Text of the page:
Skip to content

A Diagnostic of the Gnostic

Eric Voegelin was to modern gnosticism what Knute Rockne was to Notre Dame football. Rockne didn’t start the ND football program and Voegelin didn’t discover modern gnosticism, but they took their subjects to much higher levels.

The Swiss theologian, Hans urs Von Balthasar was supposedly the first person to draw parallels between the ancient gnostic heresy and modern theories in Prometheus (1937), which examined modern German thought. Albert Camus did a similar thing with modern French thought in The Rebel (1951).[1]

But Voegelin took the strain of thought much further in The New Science of Politics (1952). The book became a Time cover story and, voila, gnosticism was in the limelight, a least among nerds.

Granted, later in life, Voegelin said he wasn’t sure “gnosticism” was the best term to use and thought perhaps it received too much attention, but he didn’t remotely conclude that the term didn’t work. Far from it. Later in life, at age 67, he published his most popular work, Science, Politics and Gnosticism in English (1968) (He had earlier published it in German (Wissenchaft, Politik, und Gnosis) in 1959.)

We Need to be Careful When Tossing around that Term

Gnosticism is both precise and vague. It’s vague, in the sense that it touches on the Tao (the unnamable) and transcendence. It’s precise, in the sense that specific characteristics need to come together in order to keyhole someone as a gnostic.

We tend to label opponents. We all know the phenomenon: if we can label a person, we can dismiss a person. It’s practically a trope that doesn’t even need to be mentioned, but most of us tend to do it anyway.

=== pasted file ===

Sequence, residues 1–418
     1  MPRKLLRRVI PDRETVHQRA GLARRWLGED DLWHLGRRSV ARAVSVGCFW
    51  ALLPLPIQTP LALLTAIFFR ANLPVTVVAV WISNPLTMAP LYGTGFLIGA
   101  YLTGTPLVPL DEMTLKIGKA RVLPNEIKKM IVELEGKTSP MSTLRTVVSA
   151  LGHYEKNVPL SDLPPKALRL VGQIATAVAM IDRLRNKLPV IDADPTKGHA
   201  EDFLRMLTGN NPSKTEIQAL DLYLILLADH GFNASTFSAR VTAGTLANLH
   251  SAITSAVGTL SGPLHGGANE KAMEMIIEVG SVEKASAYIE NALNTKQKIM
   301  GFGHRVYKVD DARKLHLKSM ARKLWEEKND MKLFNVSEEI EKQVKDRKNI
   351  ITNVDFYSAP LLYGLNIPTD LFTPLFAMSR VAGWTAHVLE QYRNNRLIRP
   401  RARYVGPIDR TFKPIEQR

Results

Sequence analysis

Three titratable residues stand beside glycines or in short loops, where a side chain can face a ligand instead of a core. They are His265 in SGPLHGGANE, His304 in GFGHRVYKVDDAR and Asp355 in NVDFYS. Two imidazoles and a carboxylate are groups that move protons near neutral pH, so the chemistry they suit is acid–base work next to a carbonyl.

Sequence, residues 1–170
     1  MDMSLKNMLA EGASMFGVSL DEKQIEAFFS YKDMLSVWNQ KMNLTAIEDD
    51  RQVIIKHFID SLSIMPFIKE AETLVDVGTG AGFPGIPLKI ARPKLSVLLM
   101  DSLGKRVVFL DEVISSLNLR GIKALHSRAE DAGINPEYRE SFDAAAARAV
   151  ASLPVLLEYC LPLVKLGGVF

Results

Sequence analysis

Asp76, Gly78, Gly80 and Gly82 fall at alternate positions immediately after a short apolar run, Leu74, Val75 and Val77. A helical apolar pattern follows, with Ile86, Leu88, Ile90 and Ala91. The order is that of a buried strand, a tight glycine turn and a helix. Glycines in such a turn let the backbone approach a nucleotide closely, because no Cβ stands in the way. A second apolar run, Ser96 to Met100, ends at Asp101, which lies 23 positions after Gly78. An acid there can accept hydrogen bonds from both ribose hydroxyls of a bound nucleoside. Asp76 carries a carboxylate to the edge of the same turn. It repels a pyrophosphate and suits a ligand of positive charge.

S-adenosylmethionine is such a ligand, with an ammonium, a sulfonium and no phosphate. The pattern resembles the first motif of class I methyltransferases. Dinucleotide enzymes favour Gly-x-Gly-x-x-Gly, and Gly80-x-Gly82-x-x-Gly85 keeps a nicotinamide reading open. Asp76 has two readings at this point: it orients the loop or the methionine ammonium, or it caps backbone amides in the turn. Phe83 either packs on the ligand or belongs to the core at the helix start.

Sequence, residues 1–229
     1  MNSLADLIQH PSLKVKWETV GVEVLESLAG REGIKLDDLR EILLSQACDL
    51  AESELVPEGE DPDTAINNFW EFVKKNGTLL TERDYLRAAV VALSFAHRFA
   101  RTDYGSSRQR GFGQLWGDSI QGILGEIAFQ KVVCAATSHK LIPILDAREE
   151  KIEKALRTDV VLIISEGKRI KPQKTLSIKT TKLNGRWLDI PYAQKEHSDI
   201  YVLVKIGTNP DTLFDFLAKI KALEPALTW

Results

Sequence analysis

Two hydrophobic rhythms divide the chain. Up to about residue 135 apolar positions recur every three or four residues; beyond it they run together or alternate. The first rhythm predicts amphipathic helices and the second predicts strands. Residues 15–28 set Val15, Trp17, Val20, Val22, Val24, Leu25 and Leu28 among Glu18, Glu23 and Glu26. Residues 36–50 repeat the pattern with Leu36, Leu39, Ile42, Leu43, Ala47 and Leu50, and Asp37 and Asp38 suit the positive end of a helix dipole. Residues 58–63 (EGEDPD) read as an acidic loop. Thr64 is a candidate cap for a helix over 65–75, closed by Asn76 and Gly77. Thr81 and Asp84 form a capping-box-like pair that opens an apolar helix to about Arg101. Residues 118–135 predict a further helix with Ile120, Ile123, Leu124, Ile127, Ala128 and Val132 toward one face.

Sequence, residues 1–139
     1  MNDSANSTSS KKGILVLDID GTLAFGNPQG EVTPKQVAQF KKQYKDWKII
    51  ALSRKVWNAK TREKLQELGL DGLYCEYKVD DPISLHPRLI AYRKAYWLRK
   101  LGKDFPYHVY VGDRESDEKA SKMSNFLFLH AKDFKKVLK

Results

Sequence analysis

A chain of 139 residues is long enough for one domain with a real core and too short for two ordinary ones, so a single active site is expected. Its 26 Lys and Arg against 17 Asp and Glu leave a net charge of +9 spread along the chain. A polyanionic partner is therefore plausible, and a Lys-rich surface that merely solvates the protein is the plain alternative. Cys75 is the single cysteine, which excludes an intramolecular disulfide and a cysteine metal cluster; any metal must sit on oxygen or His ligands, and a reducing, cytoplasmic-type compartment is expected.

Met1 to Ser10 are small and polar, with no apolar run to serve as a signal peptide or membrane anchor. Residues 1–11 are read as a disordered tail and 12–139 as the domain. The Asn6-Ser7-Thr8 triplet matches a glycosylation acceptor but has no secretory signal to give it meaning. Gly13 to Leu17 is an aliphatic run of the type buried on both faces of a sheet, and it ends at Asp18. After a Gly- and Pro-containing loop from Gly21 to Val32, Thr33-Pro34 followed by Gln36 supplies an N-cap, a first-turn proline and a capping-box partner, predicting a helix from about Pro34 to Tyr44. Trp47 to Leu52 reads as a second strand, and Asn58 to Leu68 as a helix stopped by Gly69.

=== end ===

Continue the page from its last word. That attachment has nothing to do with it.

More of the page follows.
“Ah, he’s just a gnostic. F’ ‘im.”

Voegelin himself expressed concern that we would over-use the gnostic label to characterize anyone we disagree with in politics, thereby watering it down to the point that it’s no longer useful for analyzing the modern political world.

He didn’t need to be concerned. We already had a term for that: “Fascist.”

Still, people have used gnosticism in the same way. A little while ago, I read a moron who claimed that Trump is a gnostic. Such a thing is absurd. Trump might be wrong. He might be a demagogue. He might be a lot of unfortunate things. But a gnostic? Not even close. He’s not even on the gnostic spectrum (more on that later).

The Gnostic Attitude

In Science, Politics and Gnosticism, Voegelin set forth the six traits that, together, “reveal the gnostic attitude.” You can read Voegelin’s exact words in the footnotes.[2]

I want to apologize: It’s dry stuff, but it’s not my fault. It’s not even Voegelin’s fault. We’re dealing with a difficult subject and he was breaking a lot of new ground. He probably didn’t have the time (nor inclination, based on his biographical details) to water it down for popular consumption.

That’s why I’m trying to do it in this series of essays. I want to be the Voegelin vulgarizer.

And I’m starting by trying to recast the six gnostic traits in the framework of the Existence Strikes Back project.